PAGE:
Media warning defended by NPC deputy
A warning to the media over reporting views on Taiwan independence was not consistent with the Basic Law, a pro-Beijing politician said yesterday.
But Maria Tam Wai-chu, a member of the influential Basic Law Committee, was quick to defend the warning by Wang Fengchao, deputy director of the central Government's Liaison Office, formerly Xinhua.
'I am not saying he has violated the Basic Law but his concept of 'one country' is not the same as in the international covenants stipulated in the Basic Law,' Ms Tam told RTHK's City Forum.
She did not elaborate but appeared to be referring to Article 39 of the Basic Law. The article says the rights and freedoms enjoyed by Hong Kong residents shall not be restricted unless prescribed by law; such restrictions must not contravene the provisions of the International Covenant on Civil and Political Rights.
Ms Tam, a National People's Congress deputy, said she did not mean Mr Wang had been wrong to make the remarks.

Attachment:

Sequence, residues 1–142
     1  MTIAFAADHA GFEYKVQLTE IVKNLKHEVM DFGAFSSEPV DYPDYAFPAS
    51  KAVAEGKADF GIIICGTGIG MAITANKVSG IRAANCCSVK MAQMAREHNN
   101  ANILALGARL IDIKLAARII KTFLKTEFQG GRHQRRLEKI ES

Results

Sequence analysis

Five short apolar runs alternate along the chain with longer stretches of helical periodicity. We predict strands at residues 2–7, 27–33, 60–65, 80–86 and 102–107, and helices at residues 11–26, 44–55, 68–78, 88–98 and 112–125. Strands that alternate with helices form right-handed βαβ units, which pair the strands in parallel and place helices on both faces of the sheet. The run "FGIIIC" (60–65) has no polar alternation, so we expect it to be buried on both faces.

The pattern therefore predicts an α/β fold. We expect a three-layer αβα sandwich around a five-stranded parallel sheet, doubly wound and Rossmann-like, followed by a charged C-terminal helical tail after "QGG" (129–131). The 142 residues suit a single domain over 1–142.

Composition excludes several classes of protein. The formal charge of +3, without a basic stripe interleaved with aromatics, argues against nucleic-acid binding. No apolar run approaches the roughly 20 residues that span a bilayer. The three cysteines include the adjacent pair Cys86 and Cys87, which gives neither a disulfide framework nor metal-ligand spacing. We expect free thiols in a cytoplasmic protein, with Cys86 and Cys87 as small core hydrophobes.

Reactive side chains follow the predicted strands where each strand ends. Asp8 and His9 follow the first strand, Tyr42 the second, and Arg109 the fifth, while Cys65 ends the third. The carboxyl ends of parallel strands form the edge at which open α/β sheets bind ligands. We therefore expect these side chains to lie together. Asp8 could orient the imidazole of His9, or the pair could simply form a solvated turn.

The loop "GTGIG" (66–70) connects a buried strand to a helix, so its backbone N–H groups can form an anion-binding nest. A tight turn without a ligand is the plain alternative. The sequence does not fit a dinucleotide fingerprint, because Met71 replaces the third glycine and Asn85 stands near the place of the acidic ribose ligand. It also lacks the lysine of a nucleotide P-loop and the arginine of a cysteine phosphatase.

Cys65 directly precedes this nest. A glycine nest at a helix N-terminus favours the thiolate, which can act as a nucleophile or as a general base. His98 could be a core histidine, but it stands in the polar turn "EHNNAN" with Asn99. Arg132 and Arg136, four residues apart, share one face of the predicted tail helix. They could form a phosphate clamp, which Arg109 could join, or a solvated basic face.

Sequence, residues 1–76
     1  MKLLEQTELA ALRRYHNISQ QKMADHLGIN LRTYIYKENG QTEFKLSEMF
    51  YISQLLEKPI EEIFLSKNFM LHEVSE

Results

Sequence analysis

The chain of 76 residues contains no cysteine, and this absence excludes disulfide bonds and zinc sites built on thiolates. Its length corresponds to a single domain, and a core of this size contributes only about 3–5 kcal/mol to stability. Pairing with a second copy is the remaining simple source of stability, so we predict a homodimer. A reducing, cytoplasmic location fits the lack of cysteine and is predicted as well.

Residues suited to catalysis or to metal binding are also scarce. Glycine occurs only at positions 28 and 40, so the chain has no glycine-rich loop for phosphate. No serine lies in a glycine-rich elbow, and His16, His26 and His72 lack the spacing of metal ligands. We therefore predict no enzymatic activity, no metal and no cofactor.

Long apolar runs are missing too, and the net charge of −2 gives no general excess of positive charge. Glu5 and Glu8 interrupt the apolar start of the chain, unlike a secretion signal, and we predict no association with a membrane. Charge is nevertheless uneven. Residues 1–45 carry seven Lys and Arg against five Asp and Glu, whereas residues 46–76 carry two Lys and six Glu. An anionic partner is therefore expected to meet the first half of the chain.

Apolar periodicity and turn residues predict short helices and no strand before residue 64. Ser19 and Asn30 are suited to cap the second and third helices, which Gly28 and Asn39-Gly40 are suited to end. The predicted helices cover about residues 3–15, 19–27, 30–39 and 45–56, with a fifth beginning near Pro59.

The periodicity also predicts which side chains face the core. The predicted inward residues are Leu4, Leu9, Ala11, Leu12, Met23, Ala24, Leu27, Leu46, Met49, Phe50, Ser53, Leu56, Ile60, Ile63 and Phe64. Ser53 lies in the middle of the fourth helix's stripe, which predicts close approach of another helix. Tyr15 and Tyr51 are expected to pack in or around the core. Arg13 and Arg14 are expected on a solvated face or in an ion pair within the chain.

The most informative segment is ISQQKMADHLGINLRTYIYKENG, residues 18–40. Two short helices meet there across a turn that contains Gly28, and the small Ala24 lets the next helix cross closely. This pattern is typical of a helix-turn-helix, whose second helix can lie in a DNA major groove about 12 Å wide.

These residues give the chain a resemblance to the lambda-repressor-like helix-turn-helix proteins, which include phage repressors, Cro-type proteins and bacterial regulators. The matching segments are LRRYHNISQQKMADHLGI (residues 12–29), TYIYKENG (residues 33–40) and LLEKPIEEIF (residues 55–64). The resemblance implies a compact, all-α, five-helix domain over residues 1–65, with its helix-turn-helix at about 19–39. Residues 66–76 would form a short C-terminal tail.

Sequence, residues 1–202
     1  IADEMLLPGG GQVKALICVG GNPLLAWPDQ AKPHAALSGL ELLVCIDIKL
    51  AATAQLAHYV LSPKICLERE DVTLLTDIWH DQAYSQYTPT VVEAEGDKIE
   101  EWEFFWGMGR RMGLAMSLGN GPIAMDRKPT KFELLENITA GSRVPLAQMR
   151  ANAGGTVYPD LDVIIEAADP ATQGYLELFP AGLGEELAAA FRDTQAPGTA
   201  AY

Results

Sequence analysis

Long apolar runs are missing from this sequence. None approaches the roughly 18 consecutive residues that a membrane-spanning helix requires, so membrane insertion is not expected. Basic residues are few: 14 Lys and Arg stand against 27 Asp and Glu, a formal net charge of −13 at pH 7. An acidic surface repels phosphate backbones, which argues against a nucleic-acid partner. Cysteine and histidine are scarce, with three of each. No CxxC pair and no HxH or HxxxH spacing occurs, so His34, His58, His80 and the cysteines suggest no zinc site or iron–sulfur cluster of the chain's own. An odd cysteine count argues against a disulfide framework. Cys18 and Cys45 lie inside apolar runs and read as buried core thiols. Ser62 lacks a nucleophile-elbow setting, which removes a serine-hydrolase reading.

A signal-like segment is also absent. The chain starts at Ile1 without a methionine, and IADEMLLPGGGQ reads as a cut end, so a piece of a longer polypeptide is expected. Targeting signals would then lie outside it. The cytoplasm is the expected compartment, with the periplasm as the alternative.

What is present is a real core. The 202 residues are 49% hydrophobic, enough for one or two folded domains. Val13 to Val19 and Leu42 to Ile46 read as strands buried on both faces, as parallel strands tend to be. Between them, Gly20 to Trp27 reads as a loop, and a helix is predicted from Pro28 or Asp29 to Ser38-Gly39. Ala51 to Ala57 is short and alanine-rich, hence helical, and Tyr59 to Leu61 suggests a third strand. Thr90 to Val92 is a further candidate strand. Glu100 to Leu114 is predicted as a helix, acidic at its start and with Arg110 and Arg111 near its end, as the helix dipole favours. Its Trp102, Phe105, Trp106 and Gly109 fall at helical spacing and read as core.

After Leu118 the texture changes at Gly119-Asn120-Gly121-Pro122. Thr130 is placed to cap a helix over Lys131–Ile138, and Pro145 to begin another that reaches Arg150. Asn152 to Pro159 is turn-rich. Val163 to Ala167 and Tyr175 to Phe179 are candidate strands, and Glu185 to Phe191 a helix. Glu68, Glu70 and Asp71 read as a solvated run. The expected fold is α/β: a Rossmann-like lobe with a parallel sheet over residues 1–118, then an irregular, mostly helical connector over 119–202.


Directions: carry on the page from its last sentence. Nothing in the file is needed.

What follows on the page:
Despite protests about the warning, Ms Tam said it was not surprising the official had a firm view on the issue.
'As it's only two years since the handover, it's not surprising that Mr Wang's remarks have not yet reached the stage similar to 'a fruit falls when it is ripe',' she said.
She was referring to the analogy used by senior National People's Congress official Qiao Xiaoyang when asked when an anti-subversion law should be introduced in the SAR.
She said Mr Wang's comments resulted from his personal obligations. Mr Wang said the media ought not to report views advocating Taiwan's independence.
But Martin Lee Chu-ming, chairman of the Democratic Party, said Mr Wang's remarks were not simply his personal views.
'He [Mr Wang] certainly has the intention of telling the local media to exercise self-censorship,' he said.
Mr Lee questioned why Ms Tam was defending Mr Wang in such an 'obscure' manner.
About 30 people from 25 religious groups and district organisations marched to the Liaison Office, protesting against Mr Wang.